With cigarettes and other tobacco products accounting for 443,000 deaths annually, you would think that parents would be more proactive to prevent their children and teens from smoking. But sadly many are not.
An estimated 19.5% of high school students report current use of cigarettes. If you combine that with the 8.9% of high school students who you smokeless tobacco that means that 28.4% of high school students are consuming tobacco products.
The following infographic gives a few frightening statistics about teenagers and tobacco use.
There are many health risks that people will face when they choose to be smokers. The following are just a few examples from Smoking-Cessation.org of what smoking does to your body.
Smoking Risks—Rules of Thumb
Lung cancer risk—increases roughly 50 to 100 percent for each cigarette you smoke per day.
Heart disease risks—increases roughly 100 percent for each pack of cigarettes you smoke per day.
Switching to filter-tip cigarettes reduces the risk of lung cancer roughly 20 percent, but does not affect the risk of heart disease.
Smokers spend 27 percent more time in the hospital and more than twice as much time in intensive care units as nonsmokers.
Each cigarette costs the smoker five to twenty minutes of life.
A smoker is at twice the risk of dying before age sixty-five as a nonsmoker.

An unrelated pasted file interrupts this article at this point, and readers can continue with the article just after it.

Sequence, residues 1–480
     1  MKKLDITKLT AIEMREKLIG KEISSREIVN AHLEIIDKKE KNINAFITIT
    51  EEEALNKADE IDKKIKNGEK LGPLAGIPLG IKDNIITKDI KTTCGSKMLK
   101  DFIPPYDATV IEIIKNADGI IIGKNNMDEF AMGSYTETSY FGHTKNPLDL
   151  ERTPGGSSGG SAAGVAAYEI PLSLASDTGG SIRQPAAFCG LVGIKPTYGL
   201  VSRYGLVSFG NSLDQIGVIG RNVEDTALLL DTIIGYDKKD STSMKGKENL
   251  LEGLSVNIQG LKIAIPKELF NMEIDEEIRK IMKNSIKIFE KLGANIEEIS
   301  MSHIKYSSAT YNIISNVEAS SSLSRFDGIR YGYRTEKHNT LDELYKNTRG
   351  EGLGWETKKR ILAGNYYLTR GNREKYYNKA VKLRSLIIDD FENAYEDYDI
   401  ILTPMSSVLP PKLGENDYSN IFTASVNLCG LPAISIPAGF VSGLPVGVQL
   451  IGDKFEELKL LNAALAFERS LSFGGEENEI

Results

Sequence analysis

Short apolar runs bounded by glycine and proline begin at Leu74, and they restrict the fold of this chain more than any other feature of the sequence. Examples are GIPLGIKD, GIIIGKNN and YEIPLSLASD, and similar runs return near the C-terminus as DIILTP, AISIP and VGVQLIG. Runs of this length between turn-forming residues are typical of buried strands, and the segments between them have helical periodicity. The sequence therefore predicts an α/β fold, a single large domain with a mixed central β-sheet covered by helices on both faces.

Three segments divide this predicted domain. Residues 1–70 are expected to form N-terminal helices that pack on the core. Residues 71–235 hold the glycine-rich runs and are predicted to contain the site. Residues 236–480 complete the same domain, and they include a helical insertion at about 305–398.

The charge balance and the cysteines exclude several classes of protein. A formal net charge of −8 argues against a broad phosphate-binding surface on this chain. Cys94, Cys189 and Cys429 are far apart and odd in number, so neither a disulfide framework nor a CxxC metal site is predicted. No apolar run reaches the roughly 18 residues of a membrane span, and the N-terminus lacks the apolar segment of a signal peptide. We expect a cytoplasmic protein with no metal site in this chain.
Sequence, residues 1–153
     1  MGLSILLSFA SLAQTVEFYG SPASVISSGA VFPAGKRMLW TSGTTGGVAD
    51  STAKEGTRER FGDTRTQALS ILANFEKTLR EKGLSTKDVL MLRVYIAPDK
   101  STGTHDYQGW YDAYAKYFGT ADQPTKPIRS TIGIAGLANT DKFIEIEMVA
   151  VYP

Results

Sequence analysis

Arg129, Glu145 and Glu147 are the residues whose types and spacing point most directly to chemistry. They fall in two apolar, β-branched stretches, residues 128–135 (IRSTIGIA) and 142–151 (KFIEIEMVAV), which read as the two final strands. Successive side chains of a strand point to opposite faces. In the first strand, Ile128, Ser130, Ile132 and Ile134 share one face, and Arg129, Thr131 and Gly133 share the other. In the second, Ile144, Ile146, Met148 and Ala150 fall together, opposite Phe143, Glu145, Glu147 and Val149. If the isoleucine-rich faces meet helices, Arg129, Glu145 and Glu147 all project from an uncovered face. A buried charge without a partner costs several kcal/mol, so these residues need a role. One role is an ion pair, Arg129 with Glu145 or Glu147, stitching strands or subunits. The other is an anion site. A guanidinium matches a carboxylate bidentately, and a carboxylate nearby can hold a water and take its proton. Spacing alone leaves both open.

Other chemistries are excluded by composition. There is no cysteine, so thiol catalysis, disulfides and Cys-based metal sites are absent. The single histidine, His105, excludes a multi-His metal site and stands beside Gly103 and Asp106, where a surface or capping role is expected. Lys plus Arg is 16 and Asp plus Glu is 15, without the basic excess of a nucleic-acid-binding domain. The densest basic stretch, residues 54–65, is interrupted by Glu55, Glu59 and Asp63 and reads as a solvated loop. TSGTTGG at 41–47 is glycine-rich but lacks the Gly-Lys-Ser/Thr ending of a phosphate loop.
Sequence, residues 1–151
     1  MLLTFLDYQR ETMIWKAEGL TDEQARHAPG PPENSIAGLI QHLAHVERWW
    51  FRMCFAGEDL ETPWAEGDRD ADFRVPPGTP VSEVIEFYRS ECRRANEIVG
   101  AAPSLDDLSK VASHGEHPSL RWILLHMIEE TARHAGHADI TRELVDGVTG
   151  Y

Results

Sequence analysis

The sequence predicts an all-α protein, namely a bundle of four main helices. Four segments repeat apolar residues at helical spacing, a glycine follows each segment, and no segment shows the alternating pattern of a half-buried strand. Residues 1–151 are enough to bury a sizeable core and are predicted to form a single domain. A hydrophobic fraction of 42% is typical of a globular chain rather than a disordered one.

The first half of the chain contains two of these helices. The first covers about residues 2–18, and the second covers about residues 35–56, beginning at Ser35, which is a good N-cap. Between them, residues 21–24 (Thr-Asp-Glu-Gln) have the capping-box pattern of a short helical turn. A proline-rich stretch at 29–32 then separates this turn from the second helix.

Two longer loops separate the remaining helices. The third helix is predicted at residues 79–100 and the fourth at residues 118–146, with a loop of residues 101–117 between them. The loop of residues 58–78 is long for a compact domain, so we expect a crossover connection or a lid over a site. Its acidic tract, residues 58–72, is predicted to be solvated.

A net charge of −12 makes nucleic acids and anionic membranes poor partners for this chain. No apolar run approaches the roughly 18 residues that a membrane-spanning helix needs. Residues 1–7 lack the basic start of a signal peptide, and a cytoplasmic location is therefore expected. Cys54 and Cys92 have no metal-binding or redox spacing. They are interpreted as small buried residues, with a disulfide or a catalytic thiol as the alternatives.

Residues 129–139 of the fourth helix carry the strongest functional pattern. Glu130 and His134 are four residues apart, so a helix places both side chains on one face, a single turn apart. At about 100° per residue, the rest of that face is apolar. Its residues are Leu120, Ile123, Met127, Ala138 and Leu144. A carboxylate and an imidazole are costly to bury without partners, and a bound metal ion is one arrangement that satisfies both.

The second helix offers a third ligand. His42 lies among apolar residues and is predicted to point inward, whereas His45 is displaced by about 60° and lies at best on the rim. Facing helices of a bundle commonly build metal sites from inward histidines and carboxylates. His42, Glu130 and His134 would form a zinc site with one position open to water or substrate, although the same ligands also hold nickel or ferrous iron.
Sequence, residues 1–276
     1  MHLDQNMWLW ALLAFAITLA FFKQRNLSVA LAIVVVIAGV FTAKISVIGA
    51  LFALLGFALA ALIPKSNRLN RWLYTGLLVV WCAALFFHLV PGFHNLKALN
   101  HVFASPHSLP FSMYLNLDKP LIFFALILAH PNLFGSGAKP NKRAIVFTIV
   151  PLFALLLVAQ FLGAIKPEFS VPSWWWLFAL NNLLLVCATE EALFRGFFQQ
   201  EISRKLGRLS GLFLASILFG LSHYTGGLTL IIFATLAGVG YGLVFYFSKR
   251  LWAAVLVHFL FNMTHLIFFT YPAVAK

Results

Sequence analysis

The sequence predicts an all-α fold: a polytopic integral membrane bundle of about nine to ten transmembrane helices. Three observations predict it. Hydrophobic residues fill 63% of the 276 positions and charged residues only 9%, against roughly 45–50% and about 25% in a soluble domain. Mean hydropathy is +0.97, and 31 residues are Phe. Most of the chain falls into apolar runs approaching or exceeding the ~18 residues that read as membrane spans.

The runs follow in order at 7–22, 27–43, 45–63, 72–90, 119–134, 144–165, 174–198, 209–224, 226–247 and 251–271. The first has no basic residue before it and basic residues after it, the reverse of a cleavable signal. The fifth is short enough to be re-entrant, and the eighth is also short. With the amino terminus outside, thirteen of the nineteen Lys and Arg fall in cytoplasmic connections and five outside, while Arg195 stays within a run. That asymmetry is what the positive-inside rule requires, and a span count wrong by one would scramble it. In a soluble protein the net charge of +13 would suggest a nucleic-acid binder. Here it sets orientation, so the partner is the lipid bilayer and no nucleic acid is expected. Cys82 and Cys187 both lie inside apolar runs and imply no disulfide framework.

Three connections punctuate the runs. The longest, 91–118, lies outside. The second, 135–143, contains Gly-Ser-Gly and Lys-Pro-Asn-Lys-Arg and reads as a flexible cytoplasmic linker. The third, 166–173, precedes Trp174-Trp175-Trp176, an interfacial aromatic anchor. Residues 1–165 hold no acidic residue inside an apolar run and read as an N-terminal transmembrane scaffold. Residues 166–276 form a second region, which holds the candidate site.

Smoking Parents Increase Risks of Smoking Teens
Parents please talk to your kids early and often about the dangers of cigarette smoking and other tobacco use. If you are a smoker yourself, quit and set a good example for your children. If you are a parent and smoker your child’s risk to become a smoker increase dramatically. Some studies state that children of smokers are twice as likely to smoke themselves.
Please talk to your children about the dangers of smoking and the many harmful things it does to your body and your wallet.
For more information on how to talk to your teen about tobacco and other issues, this book may be of some help: Saying No Is Not Enough Second Edition: Helping Your Kids Make Wise Decisions About Alcohol, Tobacco, and Other Drugs-A Guide for Parents of Children Ages 3 Through 19
Infographic courtesy of FDA.gov